TODAY IN KENTUCKY HISTORY

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On September 13, 1781, the Long Run massacre occurred at the intersection of Floyd’s Fork Creek with Long Run Creek, along the Falls Trace, a trail in eastern Jefferson County.  A day earlier, settlers at Painted Stone Station, established by Squire Boone, had learned that the fort was about to be raided.  Most chose to flee to Beargrass Creek and some settlers hesitated for two days before moving toward Linn’s Station.  This party was ambushed at the thirteen-mile tree, eight miles from Linn’s Station.  At least seven settlers were killed; Indian losses are unknown.  The survivors fled and reached Linn’s Station by nightfall.

September 13, 1841, Springfield native Charles Anderson Wickliffe became the 11th U.S. Postmaster General.

September 13, 1891, Sheriff John McCargue, Pulaski County Sheriff’s Department, was assassinated by two brothers as he was putting his horse in his stable.

Localtonians wishes a Happy Birthday to William Smith (“Bill”) Monroe, known as “the father of Bluegrass music, born in 1911, near Rosine.

September 13, 1911, Owensboro native Mack Allison made his MLB debut with the St. Louis Browns.

September 13, 1919, Man o’ War leaves Saratoga for Belmont to enter his last race of 1919, his 10th race of 21 career starts.  The 30th Futurity Stakes for two-year-olds went 6 furlongs in 1:11.60 beating a young and talented John P Grier.  Man o’ War was a growing beast.  He was a scrawny kid of 970 lbs. while in the Spa.  In Belmont, he was up to 1,020 lbs.  By the time he made his three-year-old debut at the Preakness, he tipped the scale at 1,150 lbs.

September 13, 1922, Cannel City native Rabbit Benton made his MLB debut with the Philadelphia Phillies.

September 13, 1947, Robert Alsip, who celebrated his 100th birthday six months ago died at his home in Woodbine outside of Corbin, where he was born.  He was one of Kentucky’s five remaining Civil War veterans.  He served in the Kentucky Volunteer Infantry and Calvary and took part in campaigns in Kentucky, Tennessee and Virginia.

September 13, 1950, a big time bookie gets busted in Louisville by the vice squad and eight miles of “wildcat” lines were chopped down by police and telephone crews to stop their communications.

September 13, 1951, Marine Corps PFC Howard McCormick from Garrison in Lewis County died in the Korean War.

September 13, 1952, Army PVT James D. York from Daviess County died in the Korean War.

September 13, 1966, Army CPT Charles S. Abel from Hopkinsville in Christian County died in the Vietnam War.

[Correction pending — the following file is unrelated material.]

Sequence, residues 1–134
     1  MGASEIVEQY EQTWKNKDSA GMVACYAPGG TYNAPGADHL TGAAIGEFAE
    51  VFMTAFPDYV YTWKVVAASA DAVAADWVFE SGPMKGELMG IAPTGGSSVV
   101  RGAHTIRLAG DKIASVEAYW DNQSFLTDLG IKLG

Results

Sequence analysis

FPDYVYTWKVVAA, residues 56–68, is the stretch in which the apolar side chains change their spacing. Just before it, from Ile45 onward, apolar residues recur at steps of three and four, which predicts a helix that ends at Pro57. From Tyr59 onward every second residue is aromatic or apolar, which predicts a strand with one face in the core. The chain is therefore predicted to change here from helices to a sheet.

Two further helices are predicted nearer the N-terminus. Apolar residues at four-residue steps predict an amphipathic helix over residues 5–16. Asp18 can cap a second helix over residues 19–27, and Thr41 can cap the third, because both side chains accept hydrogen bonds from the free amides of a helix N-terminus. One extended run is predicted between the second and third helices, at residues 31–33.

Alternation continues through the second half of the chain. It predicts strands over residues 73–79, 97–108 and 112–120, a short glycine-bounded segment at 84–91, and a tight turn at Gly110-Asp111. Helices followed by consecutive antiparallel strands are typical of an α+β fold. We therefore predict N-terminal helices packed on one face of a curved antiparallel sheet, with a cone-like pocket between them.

September 13, 1968, Marine Corps CPL Vernon D. Jones from Owensboro and Army CPL Everett A. Planck from Winchester in Clark County died in the Vietnam War.

September 13, 1969, Lee Corso coached his first game as the head coach for the Louisville Cardinals.

September 13, 1969, Air Force MAJ Mannifred Yates from Pikeville died in the Vietnam War.

September 13, 1970, Army SGT Harold R. Spillman from Eminence in Henry County died in the Vietnam War.

On September 13, 1973, Bill Monroe unveiled a monument to honor Uncle Pen at the Rosine Cemetery.  James Pendleton Vandiver (1869–1932), known as Uncle Pen, was a Kentucky fiddler.  Bill also celebrated his uncle by playing “Uncle Pen” in Ricky Skaggs’s Country Boy music video.

September 13, 1975, Vince Gibson coached his first game as head coach for the Louisville Football team.

September 13, 1989, Pat Day had his most prolific single day when he set a North American record by winning eight races from nine mounts at Arlington Park.

At about 9:13 a.m., September 13, 1989, an explosion occurred at the Pyro Mining Company’s Pyro No. 9 Slope, William Station Mine, located at Sullivan in Union County.  Fourteen miners were present at the time of the explosion.  Ten died as a result of the explosion; four escaped despite being exposed to high concentrations of carbon monoxide and smoke.

September 13, 1998, Dueling Grounds re-opens as Kentucky Downs after a brief hiatus.

September 13, 2005, hip number 384, a Storm Cat Colt sold for $9,700,000 at the Keeneland September Yearling sale.

September 13, 2012, U.S. Fish and Wildlife inspectors confiscated a crocodile handbag valued at $30,000 at the Louisville Airport.

Kentucky Trivia:  From monkey skin coats to ivory pool cues to endangered snake wine, Louisville’s International Airport is a main battleground in America’s fight to halt wildlife smuggling.  The UPS Worldport, the world’s 7th largest cargo hub, made the airport the 5th largest wildlife port in America.

September 13, 2014, the Kentucky Turf Cup Stakes is a Keeneland graduate superfecta and was won by a nose. Kentucky Downs’s premier stakes race attracted a field of 11 three-year-olds and upward.

September 13, 2016, a year after it began, Lexington’s needle exchange program collected 20,199 used needles and gave out more than 21,693 clean ones.  The second of its kind in Kentucky, behind Louisville, the program has seen a steady increase in the number of drug users looking for safer ways to shoot up.